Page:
You should also refrain from using Cabin Overheat Protection when it comes to the interior cabin climate control settings. It leads to the vehicle using up a lot of power for the sole purpose of keeping the interior cabin at 105 degrees Fahrenheit or below. Unless you are parked in an extremely hot climate, directly in the sun, you do not need to keep this feature turned on while you are gone. 

Another feature worth mentioning is Smart Summon. When active, Smart Summon Mode won’t allow your parked Tesla to fully go to sleep. It’s not a crucial feature, so if you’re going to be leaving your vehicle for more than a day or so, make sure to turn off Smart Summon from ‘standby’. 

Basically, when you’re leaving your Tesla parked and not on charge for more than a couple of days, make sure that you’re switching off any function that’s not completely necessary.

How To Save Power While Your Tesla Is Parked

The simplest way to avoid your Tesla losing large amounts of power while parked is, naturally, leaving it plugged in overnight prior to leaving it parked wherever you’re going to park it. If you’re fully charged in advance, there will be more chance of there being enough power to get you home once you return to the vehicle. 

Obviously, if you’re at an airport that offers a valet service that will charge your Tesla for you, this might be the best option, especially if you’re going to be away for a long time. This is ideal for when there are minimal charging stations at the airport. 

Do All Electric Cars Lose Power When They’re Parked?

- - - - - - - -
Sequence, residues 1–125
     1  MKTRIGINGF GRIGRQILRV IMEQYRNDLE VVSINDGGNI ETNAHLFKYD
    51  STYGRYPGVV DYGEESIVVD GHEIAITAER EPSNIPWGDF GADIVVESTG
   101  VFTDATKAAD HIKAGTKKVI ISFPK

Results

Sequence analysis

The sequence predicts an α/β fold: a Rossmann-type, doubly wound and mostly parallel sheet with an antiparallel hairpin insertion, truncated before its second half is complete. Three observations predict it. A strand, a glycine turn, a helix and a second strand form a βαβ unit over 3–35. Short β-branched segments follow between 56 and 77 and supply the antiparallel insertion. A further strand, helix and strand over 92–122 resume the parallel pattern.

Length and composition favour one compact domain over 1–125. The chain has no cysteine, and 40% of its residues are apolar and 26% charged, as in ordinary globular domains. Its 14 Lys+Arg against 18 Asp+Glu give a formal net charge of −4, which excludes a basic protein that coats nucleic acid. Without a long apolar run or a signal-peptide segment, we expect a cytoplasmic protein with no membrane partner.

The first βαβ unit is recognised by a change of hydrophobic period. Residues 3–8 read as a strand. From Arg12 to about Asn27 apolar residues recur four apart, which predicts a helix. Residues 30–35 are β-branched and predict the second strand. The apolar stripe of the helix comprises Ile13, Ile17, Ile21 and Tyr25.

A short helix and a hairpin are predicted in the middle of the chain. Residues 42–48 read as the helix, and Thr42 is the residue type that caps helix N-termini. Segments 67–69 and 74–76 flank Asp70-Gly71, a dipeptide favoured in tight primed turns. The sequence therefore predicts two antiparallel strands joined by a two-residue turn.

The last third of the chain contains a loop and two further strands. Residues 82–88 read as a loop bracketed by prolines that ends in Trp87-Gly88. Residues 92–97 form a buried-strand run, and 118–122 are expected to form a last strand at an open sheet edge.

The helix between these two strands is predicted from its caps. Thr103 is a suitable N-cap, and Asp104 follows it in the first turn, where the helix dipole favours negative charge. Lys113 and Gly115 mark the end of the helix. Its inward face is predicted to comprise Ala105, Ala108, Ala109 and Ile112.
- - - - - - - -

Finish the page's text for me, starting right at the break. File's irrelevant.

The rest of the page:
Vampire drain isn’t restricted to Tesla vehicles. The majority of electric vehicles, if not all of them, also have functions running in the background even when they are parked. It’s unlikely you’d be able to leave your electric car parked with none of those functions running. 

Generally, when it comes to both Tesla vehicles and electric cars, it’s recommended that you leave your vehicle with at least 80% battery when intending to leave it for a long period of time. 

Tesla owners sometimes fall into the trap of letting their battery get too low because they know they’ll be able to recharge their vehicle very quickly at a supercharger station. But even though that’s true, your Tesla still needs to be charged enough that it can actually get you to do the supercharger in the first place.

Conclusion: Does Tesla Lose Parked Charge?

Tesla vehicles do indeed gradually lose power when they’re parked and not plugged in, as do most electric vehicles. This is because there are several functions that are always running in the background, even when you’re nowhere near the vehicle.

The best ways to minimize this ‘vampire drain’ are to turn off Sentry Mode, Cabin Overheat Protection, and Smart Summon Mode, and not use any unnecessary third-party applications on your smartphone.

When you’re going to be leaving your vehicle for more than a couple of days, make sure you’re leaving it with at least 80% battery.

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The articles here on are created by Greg, a Tesla vehicle and Tesla solar expert with nearly half a decade of hands-on experience. The information on this site is fact-checked and tested in-person to ensure the best possible level of accuracy.